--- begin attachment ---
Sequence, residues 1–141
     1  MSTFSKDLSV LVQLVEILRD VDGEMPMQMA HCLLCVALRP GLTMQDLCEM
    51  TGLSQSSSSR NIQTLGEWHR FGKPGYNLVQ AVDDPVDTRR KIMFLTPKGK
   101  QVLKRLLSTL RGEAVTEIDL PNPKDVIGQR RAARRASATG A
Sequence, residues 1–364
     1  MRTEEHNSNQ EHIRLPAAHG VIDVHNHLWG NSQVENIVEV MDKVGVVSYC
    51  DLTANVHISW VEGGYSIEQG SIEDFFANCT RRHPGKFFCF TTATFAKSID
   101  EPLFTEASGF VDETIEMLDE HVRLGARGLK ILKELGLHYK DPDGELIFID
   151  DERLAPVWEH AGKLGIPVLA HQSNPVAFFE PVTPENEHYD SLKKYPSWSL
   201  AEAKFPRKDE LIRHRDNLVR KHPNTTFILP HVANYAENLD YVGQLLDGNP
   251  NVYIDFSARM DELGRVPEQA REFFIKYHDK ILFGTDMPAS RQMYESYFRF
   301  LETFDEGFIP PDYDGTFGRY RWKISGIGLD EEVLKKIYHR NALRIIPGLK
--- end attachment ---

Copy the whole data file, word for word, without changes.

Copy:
Sequence, residues 1–141
     1  MSTFSKDLSV LVQLVEILRD VDGEMPMQMA HCLLCVALRP GLTMQDLCEM
    51  TGLSQSSSSR NIQTLGEWHR FGKPGYNLVQ AVDDPVDTRR KIMFLTPKGK
   101  QVLKRLLSTL RGEAVTEIDL PNPKDVIGQR RAARRASATG A
Sequence, residues 1–364
     1  MRTEEHNSNQ EHIRLPAAHG VIDVHNHLWG NSQVENIVEV MDKVGVVSYC
    51  DLTANVHISW VEGGYSIEQG SIEDFFANCT RRHPGKFFCF TTATFAKSID
   101  EPLFTEASGF VDETIEMLDE HVRLGARGLK ILKELGLHYK DPDGELIFID
   151  DERLAPVWEH AGKLGIPVLA HQSNPVAFFE PVTPENEHYD SLKKYPSWSL
   201  AEAKFPRKDE LIRHRDNLVR KHPNTTFILP HVANYAENLD YVGQLLDGNP
   251  NVYIDFSARM DELGRVPEQA REFFIKYHDK ILFGTDMPAS RQMYESYFRF
   301  LETFDEGFIP PDYDGTFGRY RWKISGIGLD EEVLKKIYHR NALRIIPGLK